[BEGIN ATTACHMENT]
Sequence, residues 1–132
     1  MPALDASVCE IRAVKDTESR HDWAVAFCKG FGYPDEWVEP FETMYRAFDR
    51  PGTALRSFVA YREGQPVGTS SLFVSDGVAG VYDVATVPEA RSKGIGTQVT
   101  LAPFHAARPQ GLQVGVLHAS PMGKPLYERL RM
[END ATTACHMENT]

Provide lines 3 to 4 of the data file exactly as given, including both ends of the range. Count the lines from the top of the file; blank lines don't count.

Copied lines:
    51  PGTALRSFVA YREGQPVGTS SLFVSDGVAG VYDVATVPEA RSKGIGTQVT
   101  LAPFHAARPQ GLQVGVLHAS PMGKPLYERL RM